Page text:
US citizens and permanent residents have the right to work in the US with few or no restrictions. If a person can show a valid green card or proof of citizenship, they can show that they are authorized to work in the US. Those who are not citizens or green card holders must secure work authorization, which is usually granted on a temporary basis. Work authorization in the US serves several important functions. It ensures that only those qualified to work in the US do so. It also ensures that workers in the US are documented and therefore protected by the laws of the US.
Employers need to fill out and file a Form I-9 for every new employee. This form shows that the employer has seen and checked the work authorization of every worker. Once employment authorization expires, the worker must no longer continue work for the employer. However, there are situations in which this can become somewhat complicated. For example, a worker may have Temporary Protected Status (TPS) work authorization but may not yet have a current employment authorization card.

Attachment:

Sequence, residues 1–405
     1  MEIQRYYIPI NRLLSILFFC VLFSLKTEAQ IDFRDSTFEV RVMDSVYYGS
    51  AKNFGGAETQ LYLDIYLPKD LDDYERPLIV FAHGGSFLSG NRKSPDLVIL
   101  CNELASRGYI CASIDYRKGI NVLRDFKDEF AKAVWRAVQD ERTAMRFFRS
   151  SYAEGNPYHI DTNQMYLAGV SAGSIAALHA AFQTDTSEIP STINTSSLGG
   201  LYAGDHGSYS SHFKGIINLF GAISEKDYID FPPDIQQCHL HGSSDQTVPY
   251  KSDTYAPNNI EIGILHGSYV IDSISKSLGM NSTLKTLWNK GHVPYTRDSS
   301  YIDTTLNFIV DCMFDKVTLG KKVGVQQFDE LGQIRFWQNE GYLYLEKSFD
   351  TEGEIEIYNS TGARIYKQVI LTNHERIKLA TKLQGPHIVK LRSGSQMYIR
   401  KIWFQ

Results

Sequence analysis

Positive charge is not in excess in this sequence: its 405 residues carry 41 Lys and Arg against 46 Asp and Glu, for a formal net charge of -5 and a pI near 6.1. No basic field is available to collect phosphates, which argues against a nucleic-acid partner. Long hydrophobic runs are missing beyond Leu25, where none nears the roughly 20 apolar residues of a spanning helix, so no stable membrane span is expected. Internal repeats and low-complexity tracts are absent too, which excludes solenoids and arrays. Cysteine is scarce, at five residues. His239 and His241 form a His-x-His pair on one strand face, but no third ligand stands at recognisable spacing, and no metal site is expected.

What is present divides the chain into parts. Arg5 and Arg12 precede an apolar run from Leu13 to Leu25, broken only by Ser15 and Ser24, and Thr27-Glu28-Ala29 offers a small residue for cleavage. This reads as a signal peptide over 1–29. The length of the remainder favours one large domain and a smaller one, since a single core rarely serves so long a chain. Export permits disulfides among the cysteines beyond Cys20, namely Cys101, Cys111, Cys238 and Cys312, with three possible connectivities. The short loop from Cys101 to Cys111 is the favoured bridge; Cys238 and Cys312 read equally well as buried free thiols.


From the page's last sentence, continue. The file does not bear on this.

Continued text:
TPS status is granted to nationals of countries affected by civil unrest or natural disaster. For example, currently Nicaragua, South Sudan, El Salvador, Somalia, Honduras, Sudan, and Haiti have this designation. In each case, there is an expiration date for the status, but the USCIS often extends the status to allow workers already in the US under TPS status to apply for a new employment authorization document. This means that a worker from a TPS status country may have an expired work authorization document (with the old TPS expiry date on it) but may actually be authorized to work in the US without a new document under a USCIS date extension. Employers can check which countries have been granted TPS status and what the current expiry dates are for each country by visiting the USCIS site at www.uscis.gov/tps.
If an employer has a TPS worker who is affected by a date extension in this manner, the employer can bring up to date Sections 1 and 2 of the worker’s Form I-9. Once the employer has confirmed that the work authorization has been extended automatically by the USCIS, the employer can cross out the old expiry date on the Form I-9 and write the new expiry date in along with the words “TPS ext.” Both the employer and employee should initial the new dates. Once the new date has expired, the employee will need to present new work authorization documents or will need to be affected by a new automatic extension of the TPS status.